The Morrison and Berejiklian Governments will deliver a $1 billion water infrastructure package for rural and regional communities impacted by the devastating drought in NSW.
Prime Minister Scott Morrison, New South Wales Premier Gladys Berejiklian, Deputy Prime Minister Michael McCormack and Deputy Premier John Barilaro said both Liberal and Nationals governments had been working together to fund critical water infrastructure projects, including new and expanded dam projects.
“Our response to the ongoing drought impacting rural and regional communities is comprehensive and committed. It deals with immediate needs for financial assistance in and longer term investments to build drought resilience for the future,” the Prime Minister said.
“And it’s not set and forget. We are continually adding to our drought response, saying loud and clear that we’re backing Australians who are battling the drought.
“Together we’ll deliver a $650 million upgrade of Wyangala Dam in the state’s Central West and a $480 million new Dungowan Dam near Tamworth.
“Our 50/50 investment with the state government in these priority large-scale water infrastructure projects will free up NSW funding to allow them to progress critical town water projects across NSW. We want to get these projects underway because this is about water supply and security.
“These projects don’t happen overnight but we’re working as quickly as possible to get all the necessary work done so we can start digging.
“We’re also investing an initial $24 million on a 50/50 basis with NSW for the 100,000-megalitre proposed Border Rivers project on the Mole River, near the Queensland border. This will ensure the project is shovel ready and help to identify the potential benefits that could flow on to irrigators and local communities in NSW and potentially Queensland.
“This funding brings our water infrastructure commitments to $1.5 billion across 21 projects that are committed or underway. This is part of more than $7 billion in drought support funding that we are already providing and have committed.”
Ms Berejiklian said the NSW Government has already committed close to $3 billion to drought relief and water security since 2017.
“In partnership with the Commonwealth, we will build the first new dam in NSW for more than 30 years. The last was Split Rock Dam on the Manilla River in 1987. That’s why today’s announcement is historic,” Ms Berejiklian said.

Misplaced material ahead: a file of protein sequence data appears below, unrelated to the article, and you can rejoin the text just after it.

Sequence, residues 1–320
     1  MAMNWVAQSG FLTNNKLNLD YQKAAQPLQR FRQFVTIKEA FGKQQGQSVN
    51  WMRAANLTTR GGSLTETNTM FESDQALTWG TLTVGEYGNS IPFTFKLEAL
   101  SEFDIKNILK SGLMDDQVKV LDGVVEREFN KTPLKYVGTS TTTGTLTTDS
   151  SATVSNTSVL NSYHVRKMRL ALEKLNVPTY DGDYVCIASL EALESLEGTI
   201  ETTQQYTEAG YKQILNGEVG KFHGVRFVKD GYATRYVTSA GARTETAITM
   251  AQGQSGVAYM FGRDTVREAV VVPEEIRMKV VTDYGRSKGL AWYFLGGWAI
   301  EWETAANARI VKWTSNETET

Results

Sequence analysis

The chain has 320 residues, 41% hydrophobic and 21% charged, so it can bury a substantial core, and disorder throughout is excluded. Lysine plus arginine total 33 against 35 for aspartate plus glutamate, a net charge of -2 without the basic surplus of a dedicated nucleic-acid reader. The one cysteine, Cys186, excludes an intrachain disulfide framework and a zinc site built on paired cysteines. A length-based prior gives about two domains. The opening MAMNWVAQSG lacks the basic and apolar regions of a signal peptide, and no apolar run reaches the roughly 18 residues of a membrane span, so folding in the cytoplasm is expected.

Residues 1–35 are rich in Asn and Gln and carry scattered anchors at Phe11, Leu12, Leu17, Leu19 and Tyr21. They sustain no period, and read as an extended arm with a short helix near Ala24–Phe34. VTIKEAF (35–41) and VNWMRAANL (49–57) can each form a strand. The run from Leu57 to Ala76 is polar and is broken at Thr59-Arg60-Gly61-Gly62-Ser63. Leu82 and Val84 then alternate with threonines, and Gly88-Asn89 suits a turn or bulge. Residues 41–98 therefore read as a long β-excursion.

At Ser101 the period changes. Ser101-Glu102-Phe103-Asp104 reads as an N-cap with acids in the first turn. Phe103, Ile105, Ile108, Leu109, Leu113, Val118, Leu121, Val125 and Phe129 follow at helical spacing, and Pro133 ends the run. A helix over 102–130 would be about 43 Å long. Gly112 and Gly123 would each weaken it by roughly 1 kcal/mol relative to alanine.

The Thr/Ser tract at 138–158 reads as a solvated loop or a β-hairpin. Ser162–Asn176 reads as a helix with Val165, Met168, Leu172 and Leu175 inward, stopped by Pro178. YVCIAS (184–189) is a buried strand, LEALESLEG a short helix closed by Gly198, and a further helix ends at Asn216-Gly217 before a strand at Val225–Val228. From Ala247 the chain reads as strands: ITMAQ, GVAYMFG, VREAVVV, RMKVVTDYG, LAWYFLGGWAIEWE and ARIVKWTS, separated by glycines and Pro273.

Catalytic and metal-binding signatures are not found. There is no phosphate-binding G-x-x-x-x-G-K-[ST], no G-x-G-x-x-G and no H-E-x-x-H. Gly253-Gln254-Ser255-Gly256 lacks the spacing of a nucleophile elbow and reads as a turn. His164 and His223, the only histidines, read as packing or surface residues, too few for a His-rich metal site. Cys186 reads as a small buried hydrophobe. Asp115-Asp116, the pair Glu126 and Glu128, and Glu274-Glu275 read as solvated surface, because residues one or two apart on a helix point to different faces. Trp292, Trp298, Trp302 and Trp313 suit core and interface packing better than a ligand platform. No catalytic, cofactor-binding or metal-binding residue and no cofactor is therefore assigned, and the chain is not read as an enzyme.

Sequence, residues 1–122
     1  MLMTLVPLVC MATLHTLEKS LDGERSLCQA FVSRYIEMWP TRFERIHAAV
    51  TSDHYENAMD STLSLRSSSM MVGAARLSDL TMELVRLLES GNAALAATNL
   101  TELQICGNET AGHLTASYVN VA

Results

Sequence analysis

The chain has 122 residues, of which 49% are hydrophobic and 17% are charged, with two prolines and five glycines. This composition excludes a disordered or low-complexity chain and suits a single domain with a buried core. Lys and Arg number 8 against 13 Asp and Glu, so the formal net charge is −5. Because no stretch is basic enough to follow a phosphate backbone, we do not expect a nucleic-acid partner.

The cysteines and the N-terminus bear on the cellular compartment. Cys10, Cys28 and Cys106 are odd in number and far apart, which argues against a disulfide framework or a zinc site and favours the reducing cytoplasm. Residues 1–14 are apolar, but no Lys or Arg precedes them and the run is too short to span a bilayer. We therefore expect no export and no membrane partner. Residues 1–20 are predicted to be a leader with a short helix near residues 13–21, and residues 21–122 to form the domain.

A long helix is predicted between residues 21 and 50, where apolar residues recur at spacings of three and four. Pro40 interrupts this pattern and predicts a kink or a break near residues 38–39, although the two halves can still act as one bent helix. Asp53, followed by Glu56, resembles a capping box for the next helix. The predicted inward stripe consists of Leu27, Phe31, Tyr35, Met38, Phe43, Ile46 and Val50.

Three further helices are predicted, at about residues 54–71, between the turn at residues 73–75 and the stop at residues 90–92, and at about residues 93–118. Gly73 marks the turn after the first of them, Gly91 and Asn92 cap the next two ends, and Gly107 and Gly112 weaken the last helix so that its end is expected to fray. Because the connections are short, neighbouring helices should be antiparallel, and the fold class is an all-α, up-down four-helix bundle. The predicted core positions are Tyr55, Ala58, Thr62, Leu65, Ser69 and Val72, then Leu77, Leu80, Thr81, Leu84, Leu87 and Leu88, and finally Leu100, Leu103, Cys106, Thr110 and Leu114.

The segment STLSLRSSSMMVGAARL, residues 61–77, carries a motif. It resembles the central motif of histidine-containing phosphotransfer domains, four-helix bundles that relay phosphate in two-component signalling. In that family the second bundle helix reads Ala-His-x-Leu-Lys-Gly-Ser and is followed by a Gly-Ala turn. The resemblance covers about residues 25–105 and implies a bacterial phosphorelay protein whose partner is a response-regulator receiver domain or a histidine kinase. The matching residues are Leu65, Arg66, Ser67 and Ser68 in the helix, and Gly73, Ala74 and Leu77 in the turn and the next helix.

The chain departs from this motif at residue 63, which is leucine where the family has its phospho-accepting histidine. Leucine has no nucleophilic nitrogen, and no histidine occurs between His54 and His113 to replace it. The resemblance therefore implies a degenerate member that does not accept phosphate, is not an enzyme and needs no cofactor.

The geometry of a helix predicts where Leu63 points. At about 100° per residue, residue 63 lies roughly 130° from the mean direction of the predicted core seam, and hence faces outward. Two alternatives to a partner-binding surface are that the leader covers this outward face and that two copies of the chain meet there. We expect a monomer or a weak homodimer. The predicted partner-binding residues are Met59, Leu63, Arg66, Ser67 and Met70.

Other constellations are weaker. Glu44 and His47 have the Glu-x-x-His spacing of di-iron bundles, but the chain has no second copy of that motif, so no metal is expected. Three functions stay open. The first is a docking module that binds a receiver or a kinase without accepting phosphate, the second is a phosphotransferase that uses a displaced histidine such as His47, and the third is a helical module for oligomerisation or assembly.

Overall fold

“The NSW Government is working in lockstep with the Commonwealth to make absolutely certain all obstacles are cleared and these dams get built.
“Our regional and rural communities are doing it incredibly tough and that’s why we’re making this massive additional investment in partnership with the Commonwealth Government.
“This builds on the NSW Government’s record $3 billion in drought support and water security announced since 2017, including funding for 60 bores across 23 communities and 14 pipelines, such as that from Wentworth to Broken Hill.
“Dams and other water infrastructure are an important part of the mix when it comes to increasing supply and reliability so that NSW’s water supply is more resilient to the terrible drought being experienced across the eastern states.”
Deputy Prime Minister and Minister for Infrastructure, Transport and Regional Development Michael McCormack said the funding would prioritise all necessary business case development and design works.
“We are already making significant investments in water infrastructure capital projects nationwide and today’s announcement signals a major acceleration of that commitment,” the Deputy Prime Minister said.
“No one should doubt our commitment to getting these sorts of projects done in partnership with all states and territories – our $1.3 billion National Water Infrastructure Development Fund and $2 billion National Water Infrastructure Loan Facility are in place to deliver the planning, assessment and construction work needed to build the water infrastructure of the 21st century.
“These projects will fit into our strategic plan for improving regional water security through water infrastructure led by the National Water Grid Authority.”
Deputy Premier and Minister for Regional New South Wales John Barilaro said the NSW Government has been getting on with building critical water infrastructure projects but this was a significant turning point to future-proof the state.
“Only last week I was pleased to officially switch on the $12.85 million Malpas Dam to Guyra pipeline in the Northern Tablelands region, a project completed on time and under budget by the NSW Government,” the Deputy Premier said.
“This partnership with the Federal Liberal and Nationals Government will mean more projects, in faster time frames.
“Our priority is to get these major projects off the ground as quickly as possible, to combat ‘day zero’ and help regional and rural communities in NSW get through this devastating drought.”
Formalised agreements between the Federal and NSW Governments outlining the timeframes will be finalised shortly.